“If I compare what I used to do when I was 18 to what I do now, I’d probably be like ‘that guy is wasting his time,’ he admits.
“How I would train, the intensity of training… Some guys might see me train now, guys that aren’t professional cricketers, and be like ‘wow he’s pretty intense.’ I don’t think I’m that intense when I train, but I certainly have a purpose to what I do and I don’t really want to waste time.”
David wasn’t wasting any time at all, picking up a rookie contract with Western Australia for the 2018/2019 season.
Sadly, just as his career was taking off, David’s seam bowling workload led to a stress fracture in his foot. He was sidelined from the rest of the season, including the Scorchers’ entire BBL campaign. To make matters worse, Western Australia’s talent pool meant he was unable to hold onto his rookie contract when he did return to full fitness the following season.
Tim, then 23, knew he had to do something to keep his dream of a professional contract alive. So he headed to Singapore, with whom father Rod had maintained a line of communication since his playing days.
The decision to play for Singapore has worked wonders. Batting on the slower surfaces of Southeast Asia has allowed him to develop into a dangerous player of spin in the middle overs. In the Asia Regional Qualifier for the 2019 Men’s T20 World Cup, David’s first tournament for Singapore, he scored a match-winning 77 (43) against a Nepal attack led by Sandeep Lamichanne. That victory propelled Singapore into the Global Qualifier, their first-ever ICC global event, which gave scouts around the world the opportunity to watch him on TV for the first time since his BBL debut.
“Playing for Singapore opens up opportunities for other things, which, if I’m not contracted at home, I can pursue for a period of time… Playing on these wickets [across Southeast Asia] there’s a lot of spin, it’s hot and hard to bat, so at some point down the line I’ll be able to call on those experiences.”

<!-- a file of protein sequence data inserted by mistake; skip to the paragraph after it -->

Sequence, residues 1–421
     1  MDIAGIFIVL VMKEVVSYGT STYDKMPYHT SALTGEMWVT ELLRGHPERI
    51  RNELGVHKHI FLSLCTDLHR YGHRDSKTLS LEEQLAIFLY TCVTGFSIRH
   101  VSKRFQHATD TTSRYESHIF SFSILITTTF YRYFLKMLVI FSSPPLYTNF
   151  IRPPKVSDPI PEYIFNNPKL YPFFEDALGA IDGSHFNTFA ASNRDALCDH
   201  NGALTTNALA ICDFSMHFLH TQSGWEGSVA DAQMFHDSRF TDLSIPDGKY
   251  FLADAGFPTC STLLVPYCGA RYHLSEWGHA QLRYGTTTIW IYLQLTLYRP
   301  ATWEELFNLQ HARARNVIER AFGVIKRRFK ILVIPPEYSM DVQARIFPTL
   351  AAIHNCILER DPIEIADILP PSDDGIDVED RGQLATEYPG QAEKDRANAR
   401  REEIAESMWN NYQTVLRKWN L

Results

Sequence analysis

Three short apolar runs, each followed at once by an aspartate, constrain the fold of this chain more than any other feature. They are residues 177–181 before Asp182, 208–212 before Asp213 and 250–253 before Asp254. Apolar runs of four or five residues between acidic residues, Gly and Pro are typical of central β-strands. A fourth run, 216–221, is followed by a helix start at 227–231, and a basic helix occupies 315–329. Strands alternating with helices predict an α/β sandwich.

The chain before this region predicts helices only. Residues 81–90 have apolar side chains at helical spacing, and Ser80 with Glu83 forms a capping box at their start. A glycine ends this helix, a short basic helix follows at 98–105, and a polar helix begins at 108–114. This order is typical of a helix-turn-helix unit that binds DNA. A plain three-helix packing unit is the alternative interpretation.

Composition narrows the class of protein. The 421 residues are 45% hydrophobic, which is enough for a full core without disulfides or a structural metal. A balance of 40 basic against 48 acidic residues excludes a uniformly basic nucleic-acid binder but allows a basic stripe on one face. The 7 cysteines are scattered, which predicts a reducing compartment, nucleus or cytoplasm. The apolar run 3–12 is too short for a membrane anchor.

Throughout his time with Singapore, David has endeavoured to transfer his knowledge about professionalism and purpose-driven training to his teammates.
“You don’t get how much preparation goes in behind the scenes for guys to perform as frequently as they do, but I was lucky to get exposed to it [in my first BBL season]. I guess this is what I’m trying to get across to some people in the Singapore unit. As we put in better performances [and qualify for large global tournaments], there’s going to be an exposure to better players. For us to keep improving, guys will have to be more professional.”
Despite being stuck behind a large pack of players for close to a decade, David has barely put a foot wrong since being signed by the Hurricanes for the previous edition of the BBL. He played every single game for his new team in the 2020/21 season, scoring 179 runs at an average of 31 and a strike rate of 153.
He backed that up with an impressive PSL, racking up 180 runs at an average of 45 and a strike rate of 167. As if that weren’t enough, he went on a rampage in the recently concluded Royal London One-Day Cup. His tournament tally of 340 consisted of two centuries, including a brutal 140* (70) balls against a hapless Warwickshire attack. Remarkably, he struck at 150, which was higher than anyone else with at least 100 runs in the tournament. David also comfortably led the six-hitting charts with 20 maximums in 8 innings to demonstrate that he can maintain his explosiveness for sustained periods.
Despite all his setbacks, the powerful Singapore international is clearly making up for lost time at breakneck speed. If the past few months are any indication, David could soon get called up to play for Australia.
Who would have imagined this ten months ago?
Header Image: St. Lucia Kings Twitter